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OK, I know a bit of C++ (very basic syntax), and I want to do physics simulation in C++, like stuff like (also the things mentioned here):

  • Ripples and waves over a 2-d surface
  • Vibrating string/membrane
  • Various electric/magnetic fields (as per my wish) in 2d/3d
  • Gas molecules simulation
  • Newtonian mechanics stuff (rotating objects, Newtonian gravity etc)

Can anybody suggest some sources/libraries (or what that's called, something like vpython for python) so where I can learn so that I can simulate such stuff on my PC?

Note that I'm NOT asking for books for doing it (though recommendations are welcome)

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  • $\begingroup$ (BTW, I asked in in Physics SE and there people suggested me to post it here too) $\endgroup$ – Chebotarev Density Mar 22 '18 at 6:42
  • $\begingroup$ I would suggest deal.II . It is very well documented (also has tutorials videos) and has most of the examples that you want. It has a steep learning curve (C++ wise) but opens you up to possibilities of extending the physics beyond your basic toy problems. $\endgroup$ – Mathnoob Mar 22 '18 at 10:07
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    $\begingroup$ I would say deal.II is a bad idea given that questioner has only very limited knowledge of C++. (Though, deal.II is a good library.) This library makes extensive use of advanced C++ features. I am not entirely sure what the question is all about. The library vpython is a visualization library. Are you looking for a visualization library in C++? Are you looking for numerical libraries for the simulation of physical systems? Otherwise, I would suggest that you get yourself a good C++ book and a book about the numerical simulations of ODEs and PDEs. $\endgroup$ – H. Rittich Mar 22 '18 at 12:40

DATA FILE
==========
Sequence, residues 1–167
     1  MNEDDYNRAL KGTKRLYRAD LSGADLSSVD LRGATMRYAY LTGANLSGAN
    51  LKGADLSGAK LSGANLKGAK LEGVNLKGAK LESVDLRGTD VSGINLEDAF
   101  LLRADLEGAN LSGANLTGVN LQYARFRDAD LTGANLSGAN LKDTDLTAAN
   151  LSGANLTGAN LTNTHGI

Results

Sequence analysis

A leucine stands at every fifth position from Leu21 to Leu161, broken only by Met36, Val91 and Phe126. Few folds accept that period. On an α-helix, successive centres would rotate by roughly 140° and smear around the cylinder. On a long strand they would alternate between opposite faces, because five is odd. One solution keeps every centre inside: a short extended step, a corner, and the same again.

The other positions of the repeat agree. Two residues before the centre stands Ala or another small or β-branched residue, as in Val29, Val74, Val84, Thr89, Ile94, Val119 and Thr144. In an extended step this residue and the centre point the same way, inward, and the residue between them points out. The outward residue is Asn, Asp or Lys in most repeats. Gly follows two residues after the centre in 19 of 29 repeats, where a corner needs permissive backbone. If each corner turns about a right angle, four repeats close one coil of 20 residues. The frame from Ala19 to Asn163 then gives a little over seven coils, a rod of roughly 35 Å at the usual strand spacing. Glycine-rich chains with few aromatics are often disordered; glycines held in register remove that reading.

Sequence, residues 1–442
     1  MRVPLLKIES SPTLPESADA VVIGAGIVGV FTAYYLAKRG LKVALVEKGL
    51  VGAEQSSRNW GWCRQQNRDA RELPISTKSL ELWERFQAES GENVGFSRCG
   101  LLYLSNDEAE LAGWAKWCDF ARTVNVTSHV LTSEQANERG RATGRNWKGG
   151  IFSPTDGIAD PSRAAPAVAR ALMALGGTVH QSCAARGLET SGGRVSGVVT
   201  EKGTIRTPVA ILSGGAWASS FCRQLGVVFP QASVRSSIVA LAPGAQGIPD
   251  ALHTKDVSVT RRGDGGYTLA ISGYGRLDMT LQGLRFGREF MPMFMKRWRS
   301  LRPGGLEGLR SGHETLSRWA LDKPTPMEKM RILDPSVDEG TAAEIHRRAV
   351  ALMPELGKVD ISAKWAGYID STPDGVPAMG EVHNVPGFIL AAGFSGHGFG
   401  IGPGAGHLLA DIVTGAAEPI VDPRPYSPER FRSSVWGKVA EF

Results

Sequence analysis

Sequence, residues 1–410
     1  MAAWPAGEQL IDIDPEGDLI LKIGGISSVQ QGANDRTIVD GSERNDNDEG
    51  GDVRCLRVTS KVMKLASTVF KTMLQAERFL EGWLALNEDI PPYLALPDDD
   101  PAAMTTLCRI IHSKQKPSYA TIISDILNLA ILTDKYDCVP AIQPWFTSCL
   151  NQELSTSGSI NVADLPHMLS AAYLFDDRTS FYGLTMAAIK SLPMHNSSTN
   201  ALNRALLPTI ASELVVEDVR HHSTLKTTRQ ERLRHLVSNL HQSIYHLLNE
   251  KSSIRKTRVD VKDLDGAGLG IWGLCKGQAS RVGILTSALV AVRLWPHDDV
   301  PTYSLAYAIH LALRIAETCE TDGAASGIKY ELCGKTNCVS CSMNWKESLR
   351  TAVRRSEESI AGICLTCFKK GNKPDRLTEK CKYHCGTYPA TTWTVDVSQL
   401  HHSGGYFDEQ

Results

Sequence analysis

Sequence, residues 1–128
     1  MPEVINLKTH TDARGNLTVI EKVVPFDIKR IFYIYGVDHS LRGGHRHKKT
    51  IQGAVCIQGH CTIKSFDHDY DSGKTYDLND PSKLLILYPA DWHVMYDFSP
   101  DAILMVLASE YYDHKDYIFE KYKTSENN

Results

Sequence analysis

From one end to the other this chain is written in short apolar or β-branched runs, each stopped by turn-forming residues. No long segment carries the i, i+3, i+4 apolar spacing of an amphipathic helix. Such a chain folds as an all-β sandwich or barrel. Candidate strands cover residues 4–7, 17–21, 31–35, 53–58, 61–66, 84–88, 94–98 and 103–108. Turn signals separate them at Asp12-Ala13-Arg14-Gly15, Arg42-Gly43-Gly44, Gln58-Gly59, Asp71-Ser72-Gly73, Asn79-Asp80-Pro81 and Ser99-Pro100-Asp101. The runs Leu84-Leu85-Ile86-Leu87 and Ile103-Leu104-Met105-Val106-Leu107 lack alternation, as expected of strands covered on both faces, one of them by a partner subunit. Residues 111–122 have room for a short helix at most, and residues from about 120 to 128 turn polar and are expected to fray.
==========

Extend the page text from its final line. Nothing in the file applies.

• $\begingroup$ @Mathnoob Thanks for the recommendation, but unfortunately its way too difficult for me. Do you know something more basic but for the same purpose ? $\endgroup$ – Chebotarev Density Mar 22 '18 at 15:52
  • $\begingroup$ @H.Rittich Sorry if it was not clear, I don't have any idea how to begin with simulating stuff. For a very concrete example: what are steps in order the things I should do to be able to simulate this $\endgroup$ – Chebotarev Density Mar 22 '18 at 15:54
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I think you are missing a very important and crucial step that lies exactly between the physics and simulation: the mathematical model.